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African American Medical Librarians Alliance (AAMLA) SIG: Activities at MLA’18

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The African American Medical Librarian’s Alliance (AAMLA) SIG has a long history of providing leadership and support for minority librarians in MLA, particularly those of African American descent. AAMLA is committed to addressing challenges and issues such as recruitment and retention, and the development of mentoring and leadership opportunities for minority information professionals. The group aims to help all medical information professionals understand and appreciate the dynamics of cultural diversity, and also to recognize and address the need for cultural competence in the healthcare environment.

MLA’ 18 Activities:

A virtual business meeting was hosted prior to MLA’18, to allow members who could not attend the conference the opportunity to get live updates on SIG activities and virtually present their conference posters. During the group’s conference meeting, four librarians presented on the history of Historically Black Medical and Veterinary Colleges. Meetings were led by co-conveners Shannon D. Jones, Director of Libraries, Medical University of South Carolina Libraries and Roland B. Welmaker Sr., Manager, Technical Services and Archivist, Morehouse School of Medicine.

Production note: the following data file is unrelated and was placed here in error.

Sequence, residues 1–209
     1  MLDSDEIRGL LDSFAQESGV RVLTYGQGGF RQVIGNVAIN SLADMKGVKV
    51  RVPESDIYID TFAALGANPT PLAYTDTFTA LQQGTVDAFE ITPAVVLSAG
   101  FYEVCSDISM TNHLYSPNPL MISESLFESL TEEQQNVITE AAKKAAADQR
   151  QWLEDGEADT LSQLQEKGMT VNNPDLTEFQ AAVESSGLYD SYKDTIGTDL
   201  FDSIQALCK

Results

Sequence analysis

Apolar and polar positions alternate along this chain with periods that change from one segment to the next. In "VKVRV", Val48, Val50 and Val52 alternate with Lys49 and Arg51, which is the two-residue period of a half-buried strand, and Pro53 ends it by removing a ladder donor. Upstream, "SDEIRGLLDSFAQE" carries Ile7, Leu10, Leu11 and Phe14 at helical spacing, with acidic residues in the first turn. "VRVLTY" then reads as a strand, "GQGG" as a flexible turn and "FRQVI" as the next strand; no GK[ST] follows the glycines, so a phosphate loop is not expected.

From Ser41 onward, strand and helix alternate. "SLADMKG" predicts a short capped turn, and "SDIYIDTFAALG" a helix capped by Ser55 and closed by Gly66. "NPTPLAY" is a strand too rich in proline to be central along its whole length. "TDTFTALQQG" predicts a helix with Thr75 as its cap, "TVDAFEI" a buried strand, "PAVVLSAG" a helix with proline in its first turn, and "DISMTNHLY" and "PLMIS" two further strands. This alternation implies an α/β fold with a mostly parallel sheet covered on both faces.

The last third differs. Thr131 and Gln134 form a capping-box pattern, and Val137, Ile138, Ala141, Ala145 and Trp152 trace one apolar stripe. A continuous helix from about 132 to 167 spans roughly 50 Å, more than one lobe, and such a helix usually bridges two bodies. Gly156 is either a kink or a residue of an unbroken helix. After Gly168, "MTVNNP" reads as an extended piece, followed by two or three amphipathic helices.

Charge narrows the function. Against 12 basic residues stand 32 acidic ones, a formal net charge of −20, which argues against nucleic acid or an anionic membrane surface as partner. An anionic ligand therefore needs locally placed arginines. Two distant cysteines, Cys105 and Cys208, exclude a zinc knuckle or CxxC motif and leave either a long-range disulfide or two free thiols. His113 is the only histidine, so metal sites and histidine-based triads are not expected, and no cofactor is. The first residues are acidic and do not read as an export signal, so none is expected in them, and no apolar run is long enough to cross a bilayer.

AAMLA also sponsored the Special Content Session: Transforming Libraries Using Implicit Bias Training. The featured speaker was Dr. Kimberly L. Reynolds, Assistant Professor of Clinical Pediatrics at the University of Miami Miller School of Medicine; where she conducts training on cultural competence and implicit bias for faculty, staff, residents, and students.

The session provided attendees with an overview of implicit bias, its impact in libraries, in health care, and  how it can affect diversity and inclusion. Dr. Reynolds defined implicit bias, which occurs when we have attitudes towards people or associate stereotypes with them without our conscious knowledge. She provided examples of what this can look like in the workplace, and offered strategies that librarians can use to identify and overcome their own biases.

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